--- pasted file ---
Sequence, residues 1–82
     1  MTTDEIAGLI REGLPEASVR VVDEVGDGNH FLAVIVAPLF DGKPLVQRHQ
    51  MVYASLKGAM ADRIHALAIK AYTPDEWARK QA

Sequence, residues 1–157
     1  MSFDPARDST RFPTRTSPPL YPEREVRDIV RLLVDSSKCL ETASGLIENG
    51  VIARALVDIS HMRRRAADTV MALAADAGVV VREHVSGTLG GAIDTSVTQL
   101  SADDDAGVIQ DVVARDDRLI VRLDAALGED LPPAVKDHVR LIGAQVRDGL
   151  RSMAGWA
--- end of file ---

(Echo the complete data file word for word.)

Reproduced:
Sequence, residues 1–82
     1  MTTDEIAGLI REGLPEASVR VVDEVGDGNH FLAVIVAPLF DGKPLVQRHQ
    51  MVYASLKGAM ADRIHALAIK AYTPDEWARK QA

Sequence, residues 1–157
     1  MSFDPARDST RFPTRTSPPL YPEREVRDIV RLLVDSSKCL ETASGLIENG
    51  VIARALVDIS HMRRRAADTV MALAADAGVV VREHVSGTLG GAIDTSVTQL
   101  SADDDAGVIQ DVVARDDRLI VRLDAALGED LPPAVKDHVR LIGAQVRDGL
   151  RSMAGWA